In the heat of the moment, it is hard to remember that other people don’t need us to protect them and beat up people who might have been mean to them.  We’d be much more helpful if we educated people who could be allies.  Maybe they really are hateful, but usually people just aren’t thinking about their choice of words.  And we are losing an opportunity if we treat them as the enemy.  Then everybody just shuts down.

That being said–or more precisely, written–it’s one thing to know or write these things and to actually communicate them verbally when your diaphragm is a fist and it’s obstructing your throat.

What do you say?

Some days not saying anything heated in return is a small victory.  But any suggestions for things to actually say in person would be welcome additions to the toolbox.

 

How can we do this better?

My dad is a tinkerer. Not in the handyman sense, but in his approach to whatever he happens to be doing, whether it’s a lobby design or a meal. Like when he says he’s making Sunday dinner and that was three hours ago. Like when I started drafting that e-mail and have been writing and rewriting it for the past twenty minutes.

How can we do this better?

This is a question that drives me. It drives me to edit while I write. It drives me to spend hours tinkering with how an Excel spreadsheet is set up. It drives me to wonder at the simplicity of pen and paper and how years ago, as a volunteer in an emergency department, I failed to see that solution and kept asking this poor woman to verbally spell out her name over and over again so I could get it right on the EKG. Something about her jaw made it difficult for her to speak clearly. Why had I not thought to hand her pen and paper? Or to see if they’d already gotten her name on the chart? How many times had she gone through that same exact scene, different people asking her for the same information, noticing that she had difficulty speaking, and still demanding that she answer verbally? How many times just since her son first brought her into the hospital that day?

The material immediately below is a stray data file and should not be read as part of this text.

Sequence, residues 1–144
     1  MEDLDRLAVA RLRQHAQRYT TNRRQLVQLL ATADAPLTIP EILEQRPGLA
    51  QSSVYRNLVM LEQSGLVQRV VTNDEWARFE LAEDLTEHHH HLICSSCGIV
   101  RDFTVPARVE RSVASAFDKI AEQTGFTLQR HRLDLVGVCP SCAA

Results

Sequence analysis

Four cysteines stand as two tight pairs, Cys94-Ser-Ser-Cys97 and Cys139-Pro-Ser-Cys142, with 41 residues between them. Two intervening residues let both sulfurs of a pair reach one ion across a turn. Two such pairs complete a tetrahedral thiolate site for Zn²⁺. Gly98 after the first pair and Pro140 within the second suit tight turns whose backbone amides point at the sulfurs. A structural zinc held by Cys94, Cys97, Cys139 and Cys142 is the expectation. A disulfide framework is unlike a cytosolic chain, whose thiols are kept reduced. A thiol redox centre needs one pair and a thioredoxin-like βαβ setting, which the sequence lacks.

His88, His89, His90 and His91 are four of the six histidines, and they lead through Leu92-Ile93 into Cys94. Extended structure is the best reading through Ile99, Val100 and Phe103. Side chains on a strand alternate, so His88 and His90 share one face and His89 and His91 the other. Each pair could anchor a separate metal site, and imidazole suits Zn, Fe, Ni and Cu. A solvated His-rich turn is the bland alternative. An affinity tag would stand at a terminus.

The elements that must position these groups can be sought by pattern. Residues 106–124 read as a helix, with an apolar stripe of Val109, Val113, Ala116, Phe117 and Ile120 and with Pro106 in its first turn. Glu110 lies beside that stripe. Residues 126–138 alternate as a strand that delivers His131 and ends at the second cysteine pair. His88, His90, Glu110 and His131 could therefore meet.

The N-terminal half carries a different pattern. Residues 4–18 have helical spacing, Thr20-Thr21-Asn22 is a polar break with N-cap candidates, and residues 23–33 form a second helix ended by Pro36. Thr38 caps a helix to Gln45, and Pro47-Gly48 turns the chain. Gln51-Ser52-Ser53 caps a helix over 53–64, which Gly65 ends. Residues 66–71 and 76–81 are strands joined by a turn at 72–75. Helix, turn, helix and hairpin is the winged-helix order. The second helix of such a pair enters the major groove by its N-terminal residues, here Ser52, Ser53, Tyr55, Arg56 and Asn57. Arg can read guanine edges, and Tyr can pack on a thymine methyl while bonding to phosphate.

Which is why the same question inspires delight when I read or hear about someone connecting the dots across disciplines to solve a problem, especially when they look at it from the perspective of the end-user—like the students who created an infant warmer that didn’t require electricity for preemies born in developing countries. (There are plenty of newer examples out there, of course, but it’s still a good one and trying to look up a more recent one would have involved going down some type of time warped hole in my e-mail.)

Speaking of time warps, this question can sometimes drive me deeper and deeper down a rabbit hole where all time has stopped, and then I look up and it’s dark. Sometimes I am convinced there is a better way to do something and there probably is, but I run out of time or need to pull my head out and attend to something else that is actually my job or responsibility.

A couple years ago, someone asked me what my personal goal was for the upcoming year. I answered “to do more writing.” To which he responded that I wrote all the time (this was during a team meeting at work), which was true given my projects at the time. So I amended my statement to say that I wanted to do more writing for myself. Tinkering. I didn’t really follow through on that, but I continue to be constantly dissatisfied with how I or others do things and also fascinated when people connect the dots in ways that allow others to do something better.

And here we are.